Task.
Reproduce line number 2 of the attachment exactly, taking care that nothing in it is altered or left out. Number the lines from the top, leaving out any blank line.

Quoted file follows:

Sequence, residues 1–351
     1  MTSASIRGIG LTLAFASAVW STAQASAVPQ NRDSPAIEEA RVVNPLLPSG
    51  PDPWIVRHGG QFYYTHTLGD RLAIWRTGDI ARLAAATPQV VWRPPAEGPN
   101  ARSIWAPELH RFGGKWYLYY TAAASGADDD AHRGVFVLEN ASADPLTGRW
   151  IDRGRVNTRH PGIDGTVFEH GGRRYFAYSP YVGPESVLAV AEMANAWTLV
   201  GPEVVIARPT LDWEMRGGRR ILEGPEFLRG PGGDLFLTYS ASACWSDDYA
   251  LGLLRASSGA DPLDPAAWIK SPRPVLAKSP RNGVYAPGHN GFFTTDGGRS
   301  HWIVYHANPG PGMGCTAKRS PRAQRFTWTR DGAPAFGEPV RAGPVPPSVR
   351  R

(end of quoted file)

     1  MTSASIRGIG LTLAFASAVW STAQASAVPQ NRDSPAIEEA RVVNPLLPSG